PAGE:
At some point in your career, everyone is likely to be faced with the daunting question: what next?
You landed that sought-after role in Big Tech but now feel it’s time to take on the next challenge. Do you stay in your current company and aim for a promotion? Would you feel more fulfilled using your skills in a different area of the business? What about moving into a much smaller, more agile team working on an exciting new product?
Perhaps you’re a graduate targeting your first major role. What’s a better fit for you, working for a FAANG giant like Amazon, or joining a tech start-up?
We sat down with Vishal Chaudhary, to explore these questions and gain some insights from his personal experience. His background leaves Vishal perfectly positioned to delve into choosing the ideal next step in your tech career.
Vishal is a former Product Manager and Software Development Engineer at Amazon, SAP, and Accenture, and a top-rated Carrus Coach. He has worked at Big Tech names, mid-size businesses, and start-ups.
Big Tech (FAANG) or Start-up?
Let’s examine some key areas to consider when deciding between joining a FAANG company (or similar Big Tech business) or a Start-up.
FAANG: Tall and bureaucratic structure. In such a huge business, it follows that there are many, many layers and levels between the CEO and top-level executives, and a Junior Engineer.
Start-up: A positive of working for a start-up as an Engineer is that you’ll get to work with all the Chief Officer titles you’d only see from afar in a FAANG business. You’ll have direct access to CTOs, CPOs, and CEOs because the staff complement will be lean – maybe 10 people in total, and everyone is hands-on and pulling forward together. You’ll get to work with the leadership at that start-up daily which translates to you learning a lot along the way.
#2 The Work
FAANG: At a Big Tech company you’ll find many specialists who work on a dedicated technology. You might, for example, have database engineers, API engineers, Java engineers, front-end engineers, and back-end engineers.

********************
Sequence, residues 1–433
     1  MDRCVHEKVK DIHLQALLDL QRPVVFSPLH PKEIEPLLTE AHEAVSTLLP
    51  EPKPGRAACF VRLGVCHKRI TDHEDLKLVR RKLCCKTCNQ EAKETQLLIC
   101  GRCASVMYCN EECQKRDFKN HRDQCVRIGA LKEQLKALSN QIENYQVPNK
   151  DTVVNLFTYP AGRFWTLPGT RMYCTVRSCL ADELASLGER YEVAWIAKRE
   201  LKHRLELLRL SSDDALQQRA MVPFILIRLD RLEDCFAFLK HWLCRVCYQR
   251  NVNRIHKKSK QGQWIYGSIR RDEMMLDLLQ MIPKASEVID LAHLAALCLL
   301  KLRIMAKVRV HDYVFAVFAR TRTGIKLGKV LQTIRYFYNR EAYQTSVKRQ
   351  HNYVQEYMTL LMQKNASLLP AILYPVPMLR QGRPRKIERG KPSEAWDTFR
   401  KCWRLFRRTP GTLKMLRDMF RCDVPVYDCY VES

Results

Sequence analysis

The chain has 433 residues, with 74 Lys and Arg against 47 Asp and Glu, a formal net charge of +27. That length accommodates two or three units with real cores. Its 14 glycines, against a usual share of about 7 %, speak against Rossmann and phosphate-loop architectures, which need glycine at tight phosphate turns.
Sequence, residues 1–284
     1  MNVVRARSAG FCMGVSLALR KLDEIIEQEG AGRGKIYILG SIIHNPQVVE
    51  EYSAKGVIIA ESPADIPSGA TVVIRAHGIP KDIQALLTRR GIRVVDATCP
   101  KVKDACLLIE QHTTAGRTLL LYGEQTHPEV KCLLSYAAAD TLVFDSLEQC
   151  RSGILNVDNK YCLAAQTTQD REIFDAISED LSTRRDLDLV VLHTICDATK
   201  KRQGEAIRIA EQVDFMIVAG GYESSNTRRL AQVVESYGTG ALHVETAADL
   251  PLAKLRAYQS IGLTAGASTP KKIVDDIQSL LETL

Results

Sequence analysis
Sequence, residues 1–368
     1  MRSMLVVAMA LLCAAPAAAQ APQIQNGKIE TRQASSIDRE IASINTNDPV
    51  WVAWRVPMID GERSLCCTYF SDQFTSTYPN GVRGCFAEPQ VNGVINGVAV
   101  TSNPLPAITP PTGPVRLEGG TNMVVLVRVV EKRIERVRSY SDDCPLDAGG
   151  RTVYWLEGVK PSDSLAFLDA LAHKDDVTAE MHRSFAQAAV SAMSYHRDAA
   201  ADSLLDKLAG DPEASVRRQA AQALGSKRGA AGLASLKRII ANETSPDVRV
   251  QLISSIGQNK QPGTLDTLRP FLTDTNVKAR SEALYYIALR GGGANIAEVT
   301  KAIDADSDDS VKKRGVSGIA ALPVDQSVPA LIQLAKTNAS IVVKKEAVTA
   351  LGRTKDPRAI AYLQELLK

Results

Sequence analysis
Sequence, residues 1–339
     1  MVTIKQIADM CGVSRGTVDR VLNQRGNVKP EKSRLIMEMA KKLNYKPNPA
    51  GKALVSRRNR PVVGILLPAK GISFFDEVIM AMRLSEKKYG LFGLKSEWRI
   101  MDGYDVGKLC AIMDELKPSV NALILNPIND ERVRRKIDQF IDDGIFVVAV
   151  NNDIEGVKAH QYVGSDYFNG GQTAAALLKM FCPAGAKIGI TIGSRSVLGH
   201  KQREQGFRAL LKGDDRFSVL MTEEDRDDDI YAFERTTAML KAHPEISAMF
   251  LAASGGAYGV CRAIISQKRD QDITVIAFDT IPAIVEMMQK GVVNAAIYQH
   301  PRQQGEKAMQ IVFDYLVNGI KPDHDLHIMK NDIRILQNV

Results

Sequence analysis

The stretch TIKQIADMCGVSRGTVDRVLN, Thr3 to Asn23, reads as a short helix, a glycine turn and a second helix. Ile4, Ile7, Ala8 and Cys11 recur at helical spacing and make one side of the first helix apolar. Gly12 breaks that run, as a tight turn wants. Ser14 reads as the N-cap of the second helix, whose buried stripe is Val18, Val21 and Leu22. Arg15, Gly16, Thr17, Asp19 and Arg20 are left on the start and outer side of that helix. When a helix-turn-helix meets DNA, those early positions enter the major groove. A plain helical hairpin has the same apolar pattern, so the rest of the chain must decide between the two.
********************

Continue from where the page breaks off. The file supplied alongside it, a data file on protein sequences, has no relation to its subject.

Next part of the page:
Start-up: Start-ups don’t have the freedom to bring on board a specialist for every tech category that they use. The team might have one or two people who can (and need to) do everything. In other words, start-ups rely on full-stack development and people who can offer (or quickly adapt to) this skill set.
FAANG: Usually, Big Techs rely on their legacy stack that they’ve been using for years. Doing so makes it easier for them to move people from one product and team to another. This means that as a FAANG employee, you have longevity within the business and can work on a variety of projects and teams throughout your time there.
Start-up: Start-ups are looking to minimize costs and save money. One of the top ways to do that is to opt for the best in market, cutting edge technology so that they future-proof themselves for the next few years. If you join a start-up, you’ll likely learn the newest and most cutting-edge technologies.
FAANG: Expectations are quite clear and well documented – you know what you’re supposed to do. Your role will have a defined job description and you usually won’t operate outside of that scope.
Start-up: Your role itself, even though it might be documented very well, will cross over almost every aspect of the business. You’re likely to get to work on multiple aspects of the product from database development to front-end even though your official ‘on paper’ role is backend developer. You should expect a lot of ambiguity when it comes to job description.
#5 Difficulty of Interview and Hiring Process